Nano Tech Promises To Become A Powerful Crime Fighter
Nanotechnology is becoming more and more popular and scientists are experimenting with various uses for the technology, including fighting crime. Cranfield University’s Professor Anthony Turner has developed a chip using nanotechnology that is able to analyze body fluids and detect certain molecules of specific drugs.
The plastic instrument, which uses “supra molecular technology,” would be provided to police officers in order to allow them to test criminals suspected of substance use, a portable laboratory contained in a pen-like device.
Nanosolutions of Germany has developed a method of lacing rare earths such as lanthanum and yttrium into ink in order to create a document verification system: The particles could be used in inks for money, passports, and at embassies, allowing easy verification for sensitive documents by passing them under ultraviolet light in order to reveal ghost images.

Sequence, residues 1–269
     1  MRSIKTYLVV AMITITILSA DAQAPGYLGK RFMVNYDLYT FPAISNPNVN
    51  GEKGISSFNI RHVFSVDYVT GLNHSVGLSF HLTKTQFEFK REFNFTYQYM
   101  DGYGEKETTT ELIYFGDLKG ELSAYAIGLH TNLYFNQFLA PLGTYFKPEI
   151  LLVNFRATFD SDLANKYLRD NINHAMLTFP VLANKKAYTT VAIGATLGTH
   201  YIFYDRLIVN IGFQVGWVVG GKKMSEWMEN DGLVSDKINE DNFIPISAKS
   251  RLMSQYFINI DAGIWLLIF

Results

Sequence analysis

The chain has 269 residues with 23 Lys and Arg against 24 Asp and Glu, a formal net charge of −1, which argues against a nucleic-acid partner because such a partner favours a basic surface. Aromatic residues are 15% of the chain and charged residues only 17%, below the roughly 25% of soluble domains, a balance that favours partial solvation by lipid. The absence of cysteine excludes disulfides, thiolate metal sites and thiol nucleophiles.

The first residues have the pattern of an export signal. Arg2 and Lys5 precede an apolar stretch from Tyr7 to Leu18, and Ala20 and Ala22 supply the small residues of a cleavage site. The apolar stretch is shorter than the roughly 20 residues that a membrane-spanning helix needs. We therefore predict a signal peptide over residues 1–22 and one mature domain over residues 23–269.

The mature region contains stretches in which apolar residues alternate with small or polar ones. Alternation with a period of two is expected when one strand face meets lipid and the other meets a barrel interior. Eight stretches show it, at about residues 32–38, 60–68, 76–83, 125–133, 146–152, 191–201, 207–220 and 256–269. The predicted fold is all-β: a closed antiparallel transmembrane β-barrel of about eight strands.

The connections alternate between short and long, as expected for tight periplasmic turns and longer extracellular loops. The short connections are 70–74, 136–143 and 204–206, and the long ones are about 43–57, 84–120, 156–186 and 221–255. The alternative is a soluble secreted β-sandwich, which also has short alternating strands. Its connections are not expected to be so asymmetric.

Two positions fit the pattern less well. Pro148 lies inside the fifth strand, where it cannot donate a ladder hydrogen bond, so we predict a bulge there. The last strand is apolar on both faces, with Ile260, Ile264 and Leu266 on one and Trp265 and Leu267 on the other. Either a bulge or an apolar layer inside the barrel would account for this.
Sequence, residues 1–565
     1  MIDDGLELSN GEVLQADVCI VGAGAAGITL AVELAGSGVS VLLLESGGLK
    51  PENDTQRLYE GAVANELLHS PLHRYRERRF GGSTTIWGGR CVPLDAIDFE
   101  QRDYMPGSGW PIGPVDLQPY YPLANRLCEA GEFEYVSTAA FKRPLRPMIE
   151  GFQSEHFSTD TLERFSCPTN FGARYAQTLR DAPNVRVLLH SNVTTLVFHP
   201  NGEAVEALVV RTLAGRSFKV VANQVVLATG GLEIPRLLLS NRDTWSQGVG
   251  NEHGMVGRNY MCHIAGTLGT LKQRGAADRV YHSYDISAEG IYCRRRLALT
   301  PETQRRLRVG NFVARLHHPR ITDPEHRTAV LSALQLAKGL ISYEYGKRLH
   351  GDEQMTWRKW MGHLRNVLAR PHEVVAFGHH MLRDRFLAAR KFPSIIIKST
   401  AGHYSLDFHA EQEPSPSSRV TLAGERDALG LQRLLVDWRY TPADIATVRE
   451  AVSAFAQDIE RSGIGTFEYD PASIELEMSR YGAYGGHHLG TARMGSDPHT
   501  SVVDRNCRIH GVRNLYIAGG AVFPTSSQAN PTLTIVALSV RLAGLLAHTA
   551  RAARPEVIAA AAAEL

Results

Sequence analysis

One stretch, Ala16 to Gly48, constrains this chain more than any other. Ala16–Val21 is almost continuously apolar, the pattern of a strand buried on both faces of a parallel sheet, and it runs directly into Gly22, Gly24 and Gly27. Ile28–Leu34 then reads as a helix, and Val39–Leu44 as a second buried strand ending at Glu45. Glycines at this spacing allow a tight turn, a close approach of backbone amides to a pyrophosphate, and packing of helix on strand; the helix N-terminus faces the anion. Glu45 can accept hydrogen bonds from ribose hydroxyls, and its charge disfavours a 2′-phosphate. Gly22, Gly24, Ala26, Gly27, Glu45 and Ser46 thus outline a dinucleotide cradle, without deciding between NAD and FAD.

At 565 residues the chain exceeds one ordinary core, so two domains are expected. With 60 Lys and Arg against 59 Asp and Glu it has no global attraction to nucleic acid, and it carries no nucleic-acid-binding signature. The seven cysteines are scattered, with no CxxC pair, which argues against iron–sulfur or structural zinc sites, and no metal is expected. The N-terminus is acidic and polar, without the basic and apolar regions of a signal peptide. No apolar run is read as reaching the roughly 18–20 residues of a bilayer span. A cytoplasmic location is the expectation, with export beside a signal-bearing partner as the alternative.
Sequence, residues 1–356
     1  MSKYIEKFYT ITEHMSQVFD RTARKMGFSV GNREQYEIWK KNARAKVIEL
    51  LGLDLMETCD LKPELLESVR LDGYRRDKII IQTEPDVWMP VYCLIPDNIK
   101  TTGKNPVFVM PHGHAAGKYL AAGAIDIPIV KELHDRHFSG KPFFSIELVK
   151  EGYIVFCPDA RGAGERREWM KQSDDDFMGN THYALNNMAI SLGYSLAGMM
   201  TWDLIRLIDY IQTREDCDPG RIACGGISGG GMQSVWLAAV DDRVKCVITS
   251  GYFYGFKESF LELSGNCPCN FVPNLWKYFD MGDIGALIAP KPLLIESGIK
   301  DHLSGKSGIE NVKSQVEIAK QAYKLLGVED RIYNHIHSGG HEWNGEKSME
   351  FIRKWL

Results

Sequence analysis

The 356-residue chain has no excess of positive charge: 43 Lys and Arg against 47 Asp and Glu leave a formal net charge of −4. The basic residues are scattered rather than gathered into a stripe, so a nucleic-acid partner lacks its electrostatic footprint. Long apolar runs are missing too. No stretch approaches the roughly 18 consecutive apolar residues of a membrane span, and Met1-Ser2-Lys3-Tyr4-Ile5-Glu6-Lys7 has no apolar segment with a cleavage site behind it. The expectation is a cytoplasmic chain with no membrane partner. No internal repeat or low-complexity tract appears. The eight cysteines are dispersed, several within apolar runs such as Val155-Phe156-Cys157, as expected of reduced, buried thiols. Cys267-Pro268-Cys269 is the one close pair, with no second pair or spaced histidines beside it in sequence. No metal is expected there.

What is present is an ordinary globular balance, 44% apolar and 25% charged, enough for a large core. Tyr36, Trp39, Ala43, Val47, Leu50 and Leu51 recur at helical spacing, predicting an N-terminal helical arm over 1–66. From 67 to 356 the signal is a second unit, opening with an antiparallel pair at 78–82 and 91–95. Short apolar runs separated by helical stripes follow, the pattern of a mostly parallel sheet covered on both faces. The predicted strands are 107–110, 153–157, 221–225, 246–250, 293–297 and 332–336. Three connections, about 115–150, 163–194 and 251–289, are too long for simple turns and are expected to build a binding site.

Applied DNA Sciences has created a system to help curb textile fraud in the United States. The company’s anti-counterfeit device marks textiles, raw materials, threads, or finished products with a type of plant DNA; using the verification procedures, companies and the government can identify the origin of textiles that would help prevent illegal textiles from entering the country.
Companies developing nanotechnology security devices are more often marketing them towards the corporate world in order to increase production, decreasing costs.
Lower costs will encourage law enforcement agencies to be able to take advantage of the technology that would be cost-prohibitive without corporate investment.
Abstracted by the National Law Enforcement and Corrections Technology Center(NLECTC) from the Small Times (10/03); Oger, Genevieve.